Representing individual players explicitly in the model is a fascinating possibility, but requires more data than what I have collected. At the minimum, we would need the team roster for every game, but it would be great to also have lineups and injury reports. The ultimate dream would be to have the time series that follows everything happening to the ball and who is on the court, but this quickly leaves the realm of possibility since only the teams themselves might be collect that sort of information.

The competition data looks like it will have the same data I collected for the NBA, without the bookie information, plus the set of players on each team and some information specific to each player in each game. The player information for player r in game g includes things like the number of minutes r was on the court during g, the number of field goals r made during g, the number of field goals r attempted during g, etc. I don’t know the best way to model the interactions between players, but one possibility is to model the way a player performs in a game as being based on the sum of all pairwise interactions between players involving that player, perhaps weighted by how long the other player was in the game. Each player would then have a set of latent features for their inter-team interactions and intra-team interactions, and the effect of an interaction would be based on the dot product between the relevant feature vectors. With a sensible set of priors that make the features functions of side information as before and a reasonable conditional likelihood function for the specific pieces of data we get about how players perform in games, we should be able, at least in principle, to integrate out all the unknown latent features and make predictions.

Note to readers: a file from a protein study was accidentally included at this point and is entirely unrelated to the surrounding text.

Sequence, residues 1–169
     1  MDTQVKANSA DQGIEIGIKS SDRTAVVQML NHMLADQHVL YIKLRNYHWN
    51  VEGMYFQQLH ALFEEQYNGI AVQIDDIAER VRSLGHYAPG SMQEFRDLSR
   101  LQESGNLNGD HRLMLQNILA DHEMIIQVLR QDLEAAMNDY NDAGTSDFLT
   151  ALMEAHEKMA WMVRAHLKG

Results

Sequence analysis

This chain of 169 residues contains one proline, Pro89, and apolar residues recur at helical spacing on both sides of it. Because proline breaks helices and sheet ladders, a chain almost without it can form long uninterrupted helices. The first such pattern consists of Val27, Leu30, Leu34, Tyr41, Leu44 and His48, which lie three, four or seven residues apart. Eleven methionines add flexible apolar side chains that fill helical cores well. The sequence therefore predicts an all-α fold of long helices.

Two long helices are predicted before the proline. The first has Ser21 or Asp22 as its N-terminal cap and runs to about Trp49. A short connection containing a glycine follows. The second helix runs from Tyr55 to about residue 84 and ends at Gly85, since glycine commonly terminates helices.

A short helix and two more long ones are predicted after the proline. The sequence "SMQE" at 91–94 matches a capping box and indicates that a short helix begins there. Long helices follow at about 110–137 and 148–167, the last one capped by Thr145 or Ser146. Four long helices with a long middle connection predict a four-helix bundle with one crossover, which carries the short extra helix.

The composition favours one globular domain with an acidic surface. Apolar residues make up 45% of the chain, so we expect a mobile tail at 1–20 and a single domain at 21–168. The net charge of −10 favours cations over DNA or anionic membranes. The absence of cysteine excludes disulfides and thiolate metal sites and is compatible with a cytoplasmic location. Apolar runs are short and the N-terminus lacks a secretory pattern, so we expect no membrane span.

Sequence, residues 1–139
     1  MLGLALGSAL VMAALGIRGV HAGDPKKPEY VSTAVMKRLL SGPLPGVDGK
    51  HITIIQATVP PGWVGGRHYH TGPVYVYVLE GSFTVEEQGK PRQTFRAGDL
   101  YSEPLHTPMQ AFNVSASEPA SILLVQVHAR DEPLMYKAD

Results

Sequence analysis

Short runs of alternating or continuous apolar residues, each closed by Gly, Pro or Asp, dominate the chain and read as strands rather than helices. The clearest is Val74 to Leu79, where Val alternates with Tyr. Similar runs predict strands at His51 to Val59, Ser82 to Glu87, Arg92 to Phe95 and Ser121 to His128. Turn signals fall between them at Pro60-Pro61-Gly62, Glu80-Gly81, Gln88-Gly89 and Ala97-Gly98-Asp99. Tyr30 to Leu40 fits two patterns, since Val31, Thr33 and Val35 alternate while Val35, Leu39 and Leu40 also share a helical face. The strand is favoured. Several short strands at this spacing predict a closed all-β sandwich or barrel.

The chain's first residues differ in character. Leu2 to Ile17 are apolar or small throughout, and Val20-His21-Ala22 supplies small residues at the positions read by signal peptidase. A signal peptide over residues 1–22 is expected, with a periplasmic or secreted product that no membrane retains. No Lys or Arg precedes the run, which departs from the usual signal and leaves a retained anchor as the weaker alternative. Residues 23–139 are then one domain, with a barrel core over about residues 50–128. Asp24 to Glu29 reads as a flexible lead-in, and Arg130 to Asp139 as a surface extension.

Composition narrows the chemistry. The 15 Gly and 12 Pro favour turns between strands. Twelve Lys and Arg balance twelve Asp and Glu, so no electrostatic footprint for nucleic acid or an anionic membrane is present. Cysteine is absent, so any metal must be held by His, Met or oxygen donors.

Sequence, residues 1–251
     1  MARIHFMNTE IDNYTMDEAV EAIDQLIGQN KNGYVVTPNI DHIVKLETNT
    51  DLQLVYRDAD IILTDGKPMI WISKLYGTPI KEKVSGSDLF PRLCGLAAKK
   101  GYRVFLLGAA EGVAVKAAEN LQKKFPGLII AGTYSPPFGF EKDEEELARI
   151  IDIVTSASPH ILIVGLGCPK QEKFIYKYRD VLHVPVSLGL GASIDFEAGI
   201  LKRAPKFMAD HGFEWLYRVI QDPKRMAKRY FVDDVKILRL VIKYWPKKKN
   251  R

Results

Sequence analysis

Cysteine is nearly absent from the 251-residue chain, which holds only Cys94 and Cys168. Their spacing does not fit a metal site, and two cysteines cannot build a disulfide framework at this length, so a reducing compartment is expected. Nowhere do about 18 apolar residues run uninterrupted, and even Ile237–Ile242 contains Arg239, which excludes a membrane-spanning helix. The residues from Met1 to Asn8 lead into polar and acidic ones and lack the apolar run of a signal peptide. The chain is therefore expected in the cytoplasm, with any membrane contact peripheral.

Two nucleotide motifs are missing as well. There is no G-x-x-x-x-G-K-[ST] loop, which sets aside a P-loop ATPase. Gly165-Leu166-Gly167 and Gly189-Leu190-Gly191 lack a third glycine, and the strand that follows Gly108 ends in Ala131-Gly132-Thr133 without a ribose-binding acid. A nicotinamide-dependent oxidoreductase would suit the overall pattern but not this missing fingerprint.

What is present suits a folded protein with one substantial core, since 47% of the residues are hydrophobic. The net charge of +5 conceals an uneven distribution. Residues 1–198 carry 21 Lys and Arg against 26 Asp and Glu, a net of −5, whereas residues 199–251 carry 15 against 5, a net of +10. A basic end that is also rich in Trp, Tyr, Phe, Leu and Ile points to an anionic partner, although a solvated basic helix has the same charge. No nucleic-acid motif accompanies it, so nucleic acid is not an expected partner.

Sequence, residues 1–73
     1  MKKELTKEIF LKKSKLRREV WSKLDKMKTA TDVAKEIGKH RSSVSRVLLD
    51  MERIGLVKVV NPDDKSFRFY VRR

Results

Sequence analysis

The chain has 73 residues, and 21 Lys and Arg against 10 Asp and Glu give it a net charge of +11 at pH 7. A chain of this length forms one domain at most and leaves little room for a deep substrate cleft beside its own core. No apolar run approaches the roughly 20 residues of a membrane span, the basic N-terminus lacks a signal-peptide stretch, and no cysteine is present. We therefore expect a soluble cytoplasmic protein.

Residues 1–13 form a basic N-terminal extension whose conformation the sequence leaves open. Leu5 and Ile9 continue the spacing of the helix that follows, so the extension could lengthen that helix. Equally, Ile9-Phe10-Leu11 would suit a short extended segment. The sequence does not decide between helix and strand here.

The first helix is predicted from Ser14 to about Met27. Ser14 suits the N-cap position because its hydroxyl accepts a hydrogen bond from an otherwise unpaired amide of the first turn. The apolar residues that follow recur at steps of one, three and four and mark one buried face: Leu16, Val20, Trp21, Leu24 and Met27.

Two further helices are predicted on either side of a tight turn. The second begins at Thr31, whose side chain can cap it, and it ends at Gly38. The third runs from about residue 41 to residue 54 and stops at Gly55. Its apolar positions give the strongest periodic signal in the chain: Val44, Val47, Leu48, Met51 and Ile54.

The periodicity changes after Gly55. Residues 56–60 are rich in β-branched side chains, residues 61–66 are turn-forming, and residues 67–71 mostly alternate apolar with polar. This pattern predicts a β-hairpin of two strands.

Good luck with the competition!

*The Reverend here of course being the Reverend Thomas Bayes. This delightful idiom is, I believe, originally due to the late Sam Roweis.

Monday, February 7, 2011

March Madness 2011 Data Update

Posted by Lee
There is just a little over one month left before the beginning of March Madness! Hopefully, you're happily coding away and building some really cool models.

I am still in the process of crawling all the boxscore data. Unfortunately, it is taking longer than I had anticipated. However, I did want to give everyone a chance to see what the data would look like and the opportunity to use some sample data while developing their algorithms and models.

The sample data contains two tab-delimited files. One contains a list of all the games played and the other contains a list of each player's performance within a game. I plan on using this format for the final set of data, but if you have any major issues with it, feedback is welcome via the comments.

The game file has four columns: a game identifier, the date the game was played, the home team, and the away team.

The players file has the following columns: the player's name, the game ID corresponding to this particular's row performance, the team the player was playing for, the number of minutes the player played in the game, field goals made, field goals attempted, three pointers made, three pointers attempted, free throws made, free throws attempted, offensive rebounds, defensive rebounds, assists, turnovers, steals, blocks, and personal fouls.

While there is no explicit points data in these files (to avoid redundancy), it can easily be reconstructed. For example, to determine the number of points scored by a player, simply perform the following calculation: free throws made + 2 * field goals made + three pointers made (not times three as they are already counted in the field goals). To determine the team's scores, simply sum the scores of the players for each team with the corresponding game identifier.

Good luck and please let us know via the comments if you run into any problems.

Wednesday, January 19, 2011

Get ready for the 2011 March Madness Predictive Analytics Challenge

Posted by Lee

For all posts related to the contest, check the March Madness category